September 5, 2012

The path is the teacher

To many of us, the final goal is what we cherish, whether it is called an objective, a destination, an achievement, or even enlightenment itself, is what we look for in life. That is what holds our attention. Our desires seek out what we want from the stimuli around us – from what we perceive with our five senses, and sometimes with a sixth for those who would listen to it close enough. Yet, getting to these will entail effort. Our wishes must be put to action, for otherwise these wishes will remain mere aspirations. Every achievement is the outcome of effort.  And our lives are geared to seeking these final outcomes.

But to get to these there is always a path one must take. The path is the action. It is this path that will take us to our destination and of course there are many paths we can take just as there are many vehicles to hop onto. From Male to Eydafushi I can decide to take a fast ferry, a mechanized mas-dhoni, a sail-boat, a speed launch, a seaplane, or even, if I am brave enough or skilled enough, attempt to swim the strip of ocean that separates these islands. It will be the depth of my pocket, environmental exigencies, my urgency, my resilience or my sanity that will dictate the choice of my option, and there is only one option for me each time I decide to make that visit.

For a deeper understanding of our life’s journey, this metaphor of a path in our physical terrain can help to understand our life’s path too. From the time we were born, to this moment in our lives, we have traversed a path to get to where we are. We had only one choice in each of the moments we were at any cross-roads in our lives. That was the only one of so many we could have taken, and we took it. There is no amount of regret that can put us back on the past junctions of our lives again. We have to go on. These stretches of paths are supposed to teach us the stuff of our life. Some people on this journey are more perceptive than others, and glean more lessons along these trails than others and that is what make us what we are. Wisdom, awareness, sensibility, tolerance, love and sharing all come from being aware and imbued with the knowledge that our paths have to offer us. This awareness is what helps us in being happy or sad in this life, for we should know from experience what works and what does not. Happiness and joy are experienced from what we do to ourselves and not what the road does to us. There is a spiritual saying that “success is not a destination, but a journey.” This truth is inherent in what we just discussed. We must learn to enjoy the journey and not wait for the destination. I know that many parents amongst us will have experienced our little ones often complaining while on a long journey, “Mamma, Bappa, are we there yet?” Just goes to show that human nature is hard wired towards the outcome rather than the process. But it is from the process that we learn and become better human beings. We can teach our children to enjoy the journey. Those who are not mindful enough to observe the lessons of the path, will be left behind in ignorance and struggle. That is the basis of our misery and suffering in our life.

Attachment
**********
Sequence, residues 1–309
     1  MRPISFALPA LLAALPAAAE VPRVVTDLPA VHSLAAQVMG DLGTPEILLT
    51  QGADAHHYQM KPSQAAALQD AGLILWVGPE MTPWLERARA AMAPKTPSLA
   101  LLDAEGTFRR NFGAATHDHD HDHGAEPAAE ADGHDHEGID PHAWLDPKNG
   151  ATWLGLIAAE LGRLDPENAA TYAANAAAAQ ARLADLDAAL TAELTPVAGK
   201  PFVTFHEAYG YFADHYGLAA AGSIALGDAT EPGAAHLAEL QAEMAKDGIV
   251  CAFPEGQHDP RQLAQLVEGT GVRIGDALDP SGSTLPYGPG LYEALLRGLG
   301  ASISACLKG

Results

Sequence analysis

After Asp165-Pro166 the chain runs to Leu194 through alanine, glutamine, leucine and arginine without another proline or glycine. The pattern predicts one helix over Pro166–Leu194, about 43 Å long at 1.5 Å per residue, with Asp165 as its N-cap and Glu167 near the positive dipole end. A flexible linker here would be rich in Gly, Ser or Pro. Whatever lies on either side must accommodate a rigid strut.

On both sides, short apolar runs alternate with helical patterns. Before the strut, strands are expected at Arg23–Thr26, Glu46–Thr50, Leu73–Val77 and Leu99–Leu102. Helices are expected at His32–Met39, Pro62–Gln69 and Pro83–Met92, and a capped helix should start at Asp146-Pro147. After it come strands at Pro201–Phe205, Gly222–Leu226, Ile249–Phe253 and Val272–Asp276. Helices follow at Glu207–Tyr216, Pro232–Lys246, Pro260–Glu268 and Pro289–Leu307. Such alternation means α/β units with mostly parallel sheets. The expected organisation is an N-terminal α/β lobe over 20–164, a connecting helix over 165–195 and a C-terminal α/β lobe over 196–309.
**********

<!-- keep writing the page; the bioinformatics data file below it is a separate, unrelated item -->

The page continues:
Jadulla said...

I agree with you that if one is not mindful enough to observes the lesson of the path of our journey,at any moment we will be left behind in ignorance and struggle.We may have the privilege of choosing from more than one path. Whatever our path may be, I hope its a moral one,should we not the "end in mind", that is what we want to achieve?. Yes.we must enjoy travelling the path/paths we have to achieve our good/moral goals.I am also hesitant to say that "end justify the means" always.

Abdul Sattar Yoosuf said...

Yes Jadulla, I agree. Our common high school experience of "Respice Finem" is about looking to the end. While you are right about the end not justifying the means, the idea of the end, to my mind, is about being in focus, because commitment and dedication come from being in focus -- two ingredients that will lead us to our desired destinations.